Wild chimpanzees make tools for drinking alcohol
Palm fronds use to soak up fermented sap
Chimpanzees in West Africa get inebriated during lengthy "drinking sessions" featuring the fermented sap of palm trees — normally used to make palm wine — according to a new study published Wednesday.
The report in the journal Royal Society Open Science focused on primates living in Guinea, which use palm fronds to soak up the fermented sap of raffia palms that can contain up to 6.9 per cent alcohol — stronger than most beers.
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"The habitual and voluntary consumption of ethanol has been documented until now, only in humans," apart from anecdotal observations in wild apes, said Kimberley Hockings of Oxford Brookes University, one of the report's co-authors.
No human interaction
While baboons in South Africa are known to steal fermenting grapes from vineyards and monkeys are known to sneak the odd cocktail from unsuspecting resort tourists, the chimpanzees in Boussou are unique because their alcohol consumption is not the result of any human interaction, the report said.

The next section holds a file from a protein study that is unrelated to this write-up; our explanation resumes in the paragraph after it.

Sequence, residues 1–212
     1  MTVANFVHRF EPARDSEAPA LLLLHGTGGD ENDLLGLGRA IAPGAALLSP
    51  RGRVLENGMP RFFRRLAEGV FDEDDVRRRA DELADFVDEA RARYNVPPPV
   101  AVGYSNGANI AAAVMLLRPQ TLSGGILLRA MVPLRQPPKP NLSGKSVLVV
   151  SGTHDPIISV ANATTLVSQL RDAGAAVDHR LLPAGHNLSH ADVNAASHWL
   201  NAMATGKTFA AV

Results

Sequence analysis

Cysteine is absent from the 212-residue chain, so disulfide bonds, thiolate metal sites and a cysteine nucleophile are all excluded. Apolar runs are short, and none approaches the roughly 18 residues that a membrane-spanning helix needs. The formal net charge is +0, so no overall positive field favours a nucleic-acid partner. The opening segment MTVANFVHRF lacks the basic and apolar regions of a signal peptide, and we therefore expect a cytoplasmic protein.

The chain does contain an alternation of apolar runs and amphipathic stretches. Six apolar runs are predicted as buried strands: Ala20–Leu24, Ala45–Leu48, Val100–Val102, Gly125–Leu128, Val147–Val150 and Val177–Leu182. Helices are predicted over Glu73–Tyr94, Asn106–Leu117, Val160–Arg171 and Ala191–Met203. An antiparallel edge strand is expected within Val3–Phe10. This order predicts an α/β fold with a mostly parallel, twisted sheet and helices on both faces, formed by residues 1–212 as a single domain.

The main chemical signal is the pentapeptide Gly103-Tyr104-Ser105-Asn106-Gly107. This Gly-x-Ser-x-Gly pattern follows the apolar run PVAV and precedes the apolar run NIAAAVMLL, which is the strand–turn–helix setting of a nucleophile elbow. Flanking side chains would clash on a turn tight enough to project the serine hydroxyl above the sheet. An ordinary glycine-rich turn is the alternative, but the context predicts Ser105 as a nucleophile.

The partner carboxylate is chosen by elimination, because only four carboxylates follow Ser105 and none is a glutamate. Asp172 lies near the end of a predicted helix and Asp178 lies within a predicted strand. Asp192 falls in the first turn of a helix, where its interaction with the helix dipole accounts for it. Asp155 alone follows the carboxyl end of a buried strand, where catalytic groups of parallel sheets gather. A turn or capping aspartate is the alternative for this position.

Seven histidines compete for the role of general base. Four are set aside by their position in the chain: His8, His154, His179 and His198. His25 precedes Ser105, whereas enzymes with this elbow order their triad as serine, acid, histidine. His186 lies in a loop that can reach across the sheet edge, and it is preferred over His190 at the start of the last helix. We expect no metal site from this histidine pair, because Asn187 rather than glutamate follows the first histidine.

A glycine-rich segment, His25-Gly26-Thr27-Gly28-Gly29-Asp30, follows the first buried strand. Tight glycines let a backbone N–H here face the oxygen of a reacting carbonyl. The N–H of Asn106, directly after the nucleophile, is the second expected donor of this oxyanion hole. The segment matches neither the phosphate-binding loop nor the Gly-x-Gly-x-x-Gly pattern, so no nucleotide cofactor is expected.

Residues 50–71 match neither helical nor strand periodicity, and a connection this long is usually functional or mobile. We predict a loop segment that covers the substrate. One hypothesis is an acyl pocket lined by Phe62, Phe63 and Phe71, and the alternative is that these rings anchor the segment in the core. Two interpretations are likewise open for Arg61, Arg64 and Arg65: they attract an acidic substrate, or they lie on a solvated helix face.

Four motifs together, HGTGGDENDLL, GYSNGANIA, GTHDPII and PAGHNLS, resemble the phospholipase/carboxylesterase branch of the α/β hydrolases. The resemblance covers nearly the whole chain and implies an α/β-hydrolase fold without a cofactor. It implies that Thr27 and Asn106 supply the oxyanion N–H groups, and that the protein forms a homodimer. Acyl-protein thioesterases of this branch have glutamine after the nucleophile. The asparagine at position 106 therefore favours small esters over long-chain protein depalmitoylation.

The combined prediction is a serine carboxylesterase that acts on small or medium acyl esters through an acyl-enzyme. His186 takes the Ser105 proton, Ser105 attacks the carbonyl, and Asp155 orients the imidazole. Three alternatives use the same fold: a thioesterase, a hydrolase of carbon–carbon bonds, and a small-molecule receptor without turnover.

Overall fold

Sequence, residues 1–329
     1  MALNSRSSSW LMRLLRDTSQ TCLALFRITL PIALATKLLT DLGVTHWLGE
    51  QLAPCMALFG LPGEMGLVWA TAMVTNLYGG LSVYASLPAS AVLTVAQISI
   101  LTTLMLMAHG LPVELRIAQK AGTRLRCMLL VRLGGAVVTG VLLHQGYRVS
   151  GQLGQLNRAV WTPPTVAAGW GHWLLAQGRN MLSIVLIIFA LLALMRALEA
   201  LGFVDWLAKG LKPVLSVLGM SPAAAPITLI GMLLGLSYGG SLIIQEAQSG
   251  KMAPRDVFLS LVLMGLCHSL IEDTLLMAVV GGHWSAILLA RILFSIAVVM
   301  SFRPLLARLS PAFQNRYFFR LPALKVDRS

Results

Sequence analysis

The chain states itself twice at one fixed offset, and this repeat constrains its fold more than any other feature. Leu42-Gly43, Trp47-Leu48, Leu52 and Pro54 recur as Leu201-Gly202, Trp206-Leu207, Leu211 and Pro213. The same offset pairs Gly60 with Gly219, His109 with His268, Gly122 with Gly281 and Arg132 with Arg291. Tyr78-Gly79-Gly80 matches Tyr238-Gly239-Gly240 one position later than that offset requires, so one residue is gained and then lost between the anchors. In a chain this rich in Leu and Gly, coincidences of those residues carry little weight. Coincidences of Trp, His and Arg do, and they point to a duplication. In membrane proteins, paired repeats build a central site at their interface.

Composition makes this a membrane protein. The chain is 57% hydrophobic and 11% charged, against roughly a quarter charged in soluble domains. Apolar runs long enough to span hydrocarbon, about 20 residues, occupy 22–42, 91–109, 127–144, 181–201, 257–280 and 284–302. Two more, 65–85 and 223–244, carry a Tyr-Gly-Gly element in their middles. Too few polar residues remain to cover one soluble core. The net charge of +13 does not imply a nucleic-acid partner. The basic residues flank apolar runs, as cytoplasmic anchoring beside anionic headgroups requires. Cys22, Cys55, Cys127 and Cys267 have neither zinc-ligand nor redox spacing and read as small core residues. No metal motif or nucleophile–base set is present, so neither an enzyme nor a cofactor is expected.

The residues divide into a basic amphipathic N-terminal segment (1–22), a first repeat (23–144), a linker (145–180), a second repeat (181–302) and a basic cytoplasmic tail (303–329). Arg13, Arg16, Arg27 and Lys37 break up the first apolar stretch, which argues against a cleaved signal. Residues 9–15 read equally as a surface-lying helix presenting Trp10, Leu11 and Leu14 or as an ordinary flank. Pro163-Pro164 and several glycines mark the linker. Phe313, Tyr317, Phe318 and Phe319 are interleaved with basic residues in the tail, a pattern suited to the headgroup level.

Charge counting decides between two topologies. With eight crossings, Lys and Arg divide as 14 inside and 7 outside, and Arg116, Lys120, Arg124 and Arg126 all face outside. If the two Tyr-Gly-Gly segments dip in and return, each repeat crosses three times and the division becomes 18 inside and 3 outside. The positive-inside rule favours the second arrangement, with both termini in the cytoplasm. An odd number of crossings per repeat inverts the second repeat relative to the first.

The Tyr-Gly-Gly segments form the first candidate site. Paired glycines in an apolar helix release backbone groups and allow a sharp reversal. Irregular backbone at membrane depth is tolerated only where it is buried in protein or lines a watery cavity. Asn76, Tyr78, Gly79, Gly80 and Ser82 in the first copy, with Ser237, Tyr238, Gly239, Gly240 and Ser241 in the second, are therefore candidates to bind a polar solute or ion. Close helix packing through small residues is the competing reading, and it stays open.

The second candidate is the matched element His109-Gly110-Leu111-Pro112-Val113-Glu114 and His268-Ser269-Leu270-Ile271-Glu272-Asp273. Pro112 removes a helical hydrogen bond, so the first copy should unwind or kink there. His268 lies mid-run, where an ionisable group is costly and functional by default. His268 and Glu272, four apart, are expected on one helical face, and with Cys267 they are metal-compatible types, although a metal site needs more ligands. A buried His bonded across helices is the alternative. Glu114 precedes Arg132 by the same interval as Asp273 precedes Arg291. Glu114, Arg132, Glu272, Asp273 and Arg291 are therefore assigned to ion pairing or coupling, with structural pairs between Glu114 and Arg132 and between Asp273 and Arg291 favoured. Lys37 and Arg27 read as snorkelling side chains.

Some of the chimps "consumed significant quantities of ethanol and displayed behavioural signs of inebriation," the study found. While researchers note that no detailed behavioural data was collected — "some drinkers rested directly after imbibing fermented sap."
The behaviour though is still quite rare, Hockings said, requiring researchers to combine their data from observations dating back to 1995. Researchers said they observed 51 "drinking events" by individual primates over that period of time.
"One adult male in particular accounted for 14 of 15 events," they said.
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